8/28/16

Bikinis and Rabbis: My Jewish Standard Dear Rabbi Column for August 2015

Rerunning last summer's advice. It seems to have become relevant again.

Dear Rabbi,

I’m a young modern Orthodox woman. I like to go to the beach in the summer. Recently some of my friends criticized me for wearing a bikini at the beach. They say their rabbis taught them that it is not in keeping with our religion to wear a bikini because it is clothing that is not modest. I see that the prevalent fashion for young and fit women at the beach or pool is mostly a bikini. What makes your fellow rabbis think that they have the authority to dictate to me and other women what fashions to follow on the beach —or off it?

Two Piece in Teaneck


Dear Two Piece,

I’m one rabbi who does not claim to have women’s fashion expertise. I am relieved that you ask me about rabbinic authority, rather than what is the right fashion for you.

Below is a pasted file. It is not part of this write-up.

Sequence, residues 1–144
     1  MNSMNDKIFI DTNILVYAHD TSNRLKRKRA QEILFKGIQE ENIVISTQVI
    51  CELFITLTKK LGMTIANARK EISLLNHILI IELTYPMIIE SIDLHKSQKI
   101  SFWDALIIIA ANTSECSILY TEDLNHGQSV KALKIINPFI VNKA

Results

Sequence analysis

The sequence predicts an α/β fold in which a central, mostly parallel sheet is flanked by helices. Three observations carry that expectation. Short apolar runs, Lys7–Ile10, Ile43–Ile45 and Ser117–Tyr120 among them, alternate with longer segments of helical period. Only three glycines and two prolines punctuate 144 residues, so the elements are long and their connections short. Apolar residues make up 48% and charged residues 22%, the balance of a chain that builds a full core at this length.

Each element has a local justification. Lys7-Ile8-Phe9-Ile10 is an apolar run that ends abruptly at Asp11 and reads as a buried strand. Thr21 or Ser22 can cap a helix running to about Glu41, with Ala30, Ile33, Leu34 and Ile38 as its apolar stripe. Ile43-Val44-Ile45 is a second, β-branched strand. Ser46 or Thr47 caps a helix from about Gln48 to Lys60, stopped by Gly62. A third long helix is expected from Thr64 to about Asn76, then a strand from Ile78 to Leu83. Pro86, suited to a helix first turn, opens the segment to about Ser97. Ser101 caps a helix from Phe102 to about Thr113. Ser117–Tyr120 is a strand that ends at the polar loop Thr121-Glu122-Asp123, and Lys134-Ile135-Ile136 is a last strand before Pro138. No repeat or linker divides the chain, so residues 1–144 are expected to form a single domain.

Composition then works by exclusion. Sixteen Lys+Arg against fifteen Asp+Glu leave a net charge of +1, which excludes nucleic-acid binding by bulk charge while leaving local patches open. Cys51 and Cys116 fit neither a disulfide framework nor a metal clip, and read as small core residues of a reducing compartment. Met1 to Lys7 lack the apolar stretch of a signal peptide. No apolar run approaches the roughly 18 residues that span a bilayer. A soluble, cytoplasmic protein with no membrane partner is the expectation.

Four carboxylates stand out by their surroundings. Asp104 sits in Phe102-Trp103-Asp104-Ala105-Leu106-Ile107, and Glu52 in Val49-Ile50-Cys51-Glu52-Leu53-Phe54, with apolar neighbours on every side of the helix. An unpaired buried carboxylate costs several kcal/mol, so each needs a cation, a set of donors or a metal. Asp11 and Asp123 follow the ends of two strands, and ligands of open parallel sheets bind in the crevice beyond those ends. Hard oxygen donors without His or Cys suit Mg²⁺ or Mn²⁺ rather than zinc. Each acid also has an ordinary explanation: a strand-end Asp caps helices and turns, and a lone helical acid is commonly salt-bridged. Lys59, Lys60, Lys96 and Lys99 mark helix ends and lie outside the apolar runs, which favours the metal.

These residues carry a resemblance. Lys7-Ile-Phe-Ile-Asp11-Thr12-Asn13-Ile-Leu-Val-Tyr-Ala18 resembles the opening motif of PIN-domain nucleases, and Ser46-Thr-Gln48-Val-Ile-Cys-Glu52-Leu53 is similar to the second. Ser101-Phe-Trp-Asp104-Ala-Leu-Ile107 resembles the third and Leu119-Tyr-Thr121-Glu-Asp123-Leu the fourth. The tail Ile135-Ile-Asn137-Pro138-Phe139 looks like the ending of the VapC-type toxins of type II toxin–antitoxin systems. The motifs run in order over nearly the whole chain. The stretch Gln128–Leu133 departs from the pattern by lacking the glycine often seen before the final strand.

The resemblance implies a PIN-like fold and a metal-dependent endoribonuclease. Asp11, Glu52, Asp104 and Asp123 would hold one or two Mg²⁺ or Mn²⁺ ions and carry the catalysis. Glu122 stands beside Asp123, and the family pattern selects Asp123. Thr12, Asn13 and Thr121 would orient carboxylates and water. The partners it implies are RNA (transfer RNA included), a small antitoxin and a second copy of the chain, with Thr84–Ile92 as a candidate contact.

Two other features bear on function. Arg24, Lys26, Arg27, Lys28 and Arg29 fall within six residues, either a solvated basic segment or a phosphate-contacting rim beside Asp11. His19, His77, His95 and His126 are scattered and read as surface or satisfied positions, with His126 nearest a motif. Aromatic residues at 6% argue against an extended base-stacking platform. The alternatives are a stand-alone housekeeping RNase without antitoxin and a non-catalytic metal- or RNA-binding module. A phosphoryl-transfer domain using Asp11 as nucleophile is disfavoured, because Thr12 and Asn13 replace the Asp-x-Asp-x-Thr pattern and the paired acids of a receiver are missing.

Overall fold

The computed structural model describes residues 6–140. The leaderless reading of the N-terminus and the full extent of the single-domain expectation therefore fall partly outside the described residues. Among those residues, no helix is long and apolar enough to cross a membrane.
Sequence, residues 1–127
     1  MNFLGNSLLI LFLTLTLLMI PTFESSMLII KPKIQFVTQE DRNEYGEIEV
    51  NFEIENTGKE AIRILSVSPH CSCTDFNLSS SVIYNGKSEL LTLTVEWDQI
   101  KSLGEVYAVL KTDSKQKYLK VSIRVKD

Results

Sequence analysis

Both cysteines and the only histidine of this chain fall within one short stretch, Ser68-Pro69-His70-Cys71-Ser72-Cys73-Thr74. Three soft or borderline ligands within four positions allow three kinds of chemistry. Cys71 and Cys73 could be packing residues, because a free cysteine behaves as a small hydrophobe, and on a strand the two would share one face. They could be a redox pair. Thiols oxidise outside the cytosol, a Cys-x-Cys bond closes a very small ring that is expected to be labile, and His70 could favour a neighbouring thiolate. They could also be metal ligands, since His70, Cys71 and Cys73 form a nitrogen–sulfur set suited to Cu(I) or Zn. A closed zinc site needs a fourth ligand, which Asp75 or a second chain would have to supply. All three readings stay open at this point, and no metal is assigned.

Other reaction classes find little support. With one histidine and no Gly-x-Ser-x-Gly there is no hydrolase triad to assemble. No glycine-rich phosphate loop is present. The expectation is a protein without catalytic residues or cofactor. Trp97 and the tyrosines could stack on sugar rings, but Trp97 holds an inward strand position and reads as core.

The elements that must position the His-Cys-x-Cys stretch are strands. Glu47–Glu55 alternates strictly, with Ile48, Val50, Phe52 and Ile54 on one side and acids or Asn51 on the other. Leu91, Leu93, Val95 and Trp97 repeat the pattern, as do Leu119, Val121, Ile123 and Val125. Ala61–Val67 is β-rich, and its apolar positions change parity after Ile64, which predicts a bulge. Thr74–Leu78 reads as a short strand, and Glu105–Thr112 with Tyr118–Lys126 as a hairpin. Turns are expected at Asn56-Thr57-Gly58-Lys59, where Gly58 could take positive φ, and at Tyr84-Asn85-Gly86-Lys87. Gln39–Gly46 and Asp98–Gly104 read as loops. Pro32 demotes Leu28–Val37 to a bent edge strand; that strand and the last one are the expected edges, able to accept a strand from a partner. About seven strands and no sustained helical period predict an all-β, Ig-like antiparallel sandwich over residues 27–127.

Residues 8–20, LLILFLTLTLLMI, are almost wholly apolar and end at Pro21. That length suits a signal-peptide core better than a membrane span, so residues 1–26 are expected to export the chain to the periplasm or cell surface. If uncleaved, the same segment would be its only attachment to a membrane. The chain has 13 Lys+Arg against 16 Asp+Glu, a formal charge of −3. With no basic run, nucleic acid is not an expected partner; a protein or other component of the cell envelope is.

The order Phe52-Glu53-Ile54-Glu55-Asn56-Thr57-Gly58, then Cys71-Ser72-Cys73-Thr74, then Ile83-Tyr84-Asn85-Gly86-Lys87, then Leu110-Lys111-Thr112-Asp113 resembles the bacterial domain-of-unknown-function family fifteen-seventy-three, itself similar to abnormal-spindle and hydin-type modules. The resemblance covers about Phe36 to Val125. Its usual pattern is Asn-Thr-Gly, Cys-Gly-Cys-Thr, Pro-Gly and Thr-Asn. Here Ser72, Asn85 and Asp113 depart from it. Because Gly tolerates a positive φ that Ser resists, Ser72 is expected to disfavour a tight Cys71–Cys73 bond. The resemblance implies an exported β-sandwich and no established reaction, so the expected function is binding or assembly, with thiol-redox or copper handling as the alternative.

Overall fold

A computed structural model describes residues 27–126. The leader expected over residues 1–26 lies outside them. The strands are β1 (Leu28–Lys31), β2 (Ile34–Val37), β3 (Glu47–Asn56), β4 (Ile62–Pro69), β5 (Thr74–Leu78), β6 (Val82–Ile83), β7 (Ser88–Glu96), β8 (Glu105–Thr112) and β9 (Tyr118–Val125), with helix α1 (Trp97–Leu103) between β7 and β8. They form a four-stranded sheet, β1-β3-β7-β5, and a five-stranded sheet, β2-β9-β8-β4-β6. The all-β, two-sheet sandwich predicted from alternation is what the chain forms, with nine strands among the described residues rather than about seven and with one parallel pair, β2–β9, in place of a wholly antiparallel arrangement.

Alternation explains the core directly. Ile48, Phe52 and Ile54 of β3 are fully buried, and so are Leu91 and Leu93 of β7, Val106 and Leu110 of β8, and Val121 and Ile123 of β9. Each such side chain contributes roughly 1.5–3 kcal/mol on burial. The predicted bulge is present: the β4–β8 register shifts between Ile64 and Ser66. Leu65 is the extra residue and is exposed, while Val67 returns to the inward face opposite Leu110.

I do know that in the world of fashion you hear often about trends, not standards. I recognize that there is a lot of variety in the choices that women have, on and off the beach.

One day this summer I had the occasion to walk the length of the boardwalk in a Long Island South Shore beach community and could not help but observe that bikinis are a quite common choice for women, young and middle aged, at the beach clubs along the way. And I did notice in the Target ad flyer in the Sunday newspaper that most of the women’s swim suits on sale are bikinis.

Before anyone criticizes me for gazing upon women, let me refer to a story about one of our greatest talmudic rabbis, Rabban Gamaliel. According to the Talmud, when he saw a beautiful woman, Gamaliel recited a blessing, Blessed be He who made beautiful creatures in this world.